A sit-in would accomplish nothing, said Irwin Nowick, a longtime Senate staffer, certainly not the activists' stated goal of a meeting with Jerry Brown.
"You don't jam this guy," he said.
There is precedent for this opinion. Brown was governor before, from 1975 to 1983, when a fired state janitor hoping for an appointment with Brown waited in his reception room five days a week for 475 days, at times sleeping in his car.
The sit-in only ended in 1983, when Brown left office and his successor, George Deukmejian, met with the fired janitor, Jonathan LaSalle.
The anti-deportation activists had a shorter time horizon in mind - six or seven hours, perhaps. Nearly a dozen of them arranged themselves on the floor and on chairs in Brown's reception area.
They hoped to press Brown to support a bill that would prevent local police from detaining people based on their immigration status unless they have been convicted of a felony or serious crime. Brown vetoed similar legislation last year, but he suggested in his veto message that it could be amended to gain his support, and administration officials said they are working with lawmakers on that revision.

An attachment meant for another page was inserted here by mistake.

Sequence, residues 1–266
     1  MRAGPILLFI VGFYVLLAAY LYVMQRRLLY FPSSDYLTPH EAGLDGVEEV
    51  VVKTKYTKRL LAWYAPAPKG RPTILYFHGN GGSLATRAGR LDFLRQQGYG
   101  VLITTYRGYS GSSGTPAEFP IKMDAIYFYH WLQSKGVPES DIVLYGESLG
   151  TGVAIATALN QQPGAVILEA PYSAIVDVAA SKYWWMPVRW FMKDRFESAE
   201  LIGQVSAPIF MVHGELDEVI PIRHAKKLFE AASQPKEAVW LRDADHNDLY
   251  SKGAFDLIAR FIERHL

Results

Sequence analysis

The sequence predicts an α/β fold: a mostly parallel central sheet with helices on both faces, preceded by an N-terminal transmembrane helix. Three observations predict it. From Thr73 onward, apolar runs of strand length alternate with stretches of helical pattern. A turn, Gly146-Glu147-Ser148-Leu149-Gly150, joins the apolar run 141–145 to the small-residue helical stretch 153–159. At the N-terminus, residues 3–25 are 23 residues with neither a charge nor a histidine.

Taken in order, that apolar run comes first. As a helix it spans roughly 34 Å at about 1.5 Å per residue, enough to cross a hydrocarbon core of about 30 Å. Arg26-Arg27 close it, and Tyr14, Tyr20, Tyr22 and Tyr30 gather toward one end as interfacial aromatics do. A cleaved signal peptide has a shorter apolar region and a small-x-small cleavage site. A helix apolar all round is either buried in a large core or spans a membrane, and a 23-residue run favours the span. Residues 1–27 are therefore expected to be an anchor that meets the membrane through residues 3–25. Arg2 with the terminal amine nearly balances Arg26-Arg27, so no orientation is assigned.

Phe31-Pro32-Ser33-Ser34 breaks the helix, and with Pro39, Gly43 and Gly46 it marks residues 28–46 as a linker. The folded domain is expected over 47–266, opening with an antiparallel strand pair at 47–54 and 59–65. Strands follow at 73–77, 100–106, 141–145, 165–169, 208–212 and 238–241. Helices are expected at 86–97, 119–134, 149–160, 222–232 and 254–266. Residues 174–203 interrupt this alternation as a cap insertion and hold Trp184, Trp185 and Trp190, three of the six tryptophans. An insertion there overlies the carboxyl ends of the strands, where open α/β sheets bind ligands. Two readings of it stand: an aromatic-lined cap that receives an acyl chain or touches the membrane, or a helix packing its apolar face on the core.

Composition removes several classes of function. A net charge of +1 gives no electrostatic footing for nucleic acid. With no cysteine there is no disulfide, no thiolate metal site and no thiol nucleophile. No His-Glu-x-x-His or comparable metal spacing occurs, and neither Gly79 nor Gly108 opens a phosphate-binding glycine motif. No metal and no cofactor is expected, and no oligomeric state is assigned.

Over the course of the afternoon the protesters outside Brown's office ate lunch and huddled around their laptops and their smart phones. The number of people inside Brown's office dwindled.
By the time Blanca Vazquez, of Oakland, emerged, six remained.
"They offered to let us sit on the couches," the 23-year-old woman said, "but we refused."
The office closed, and after 7 p.m., two people were cited and released.
The protesters left without meeting the governor, they said, but members of his administration will see them next week.
Bee photographer Hector Amezcua contributed to this report
PHOTO: Five immigration activists, including a legal observer, sit in Jerry Brown's reception area to lobby him on an immigration bill on Tuesday, July 2, 2013. Pictured, from left to right, are Hugo Gonzalez, Kenia Alcocer and Alex Aldana. The Sacramento Bee/Hector Amezcua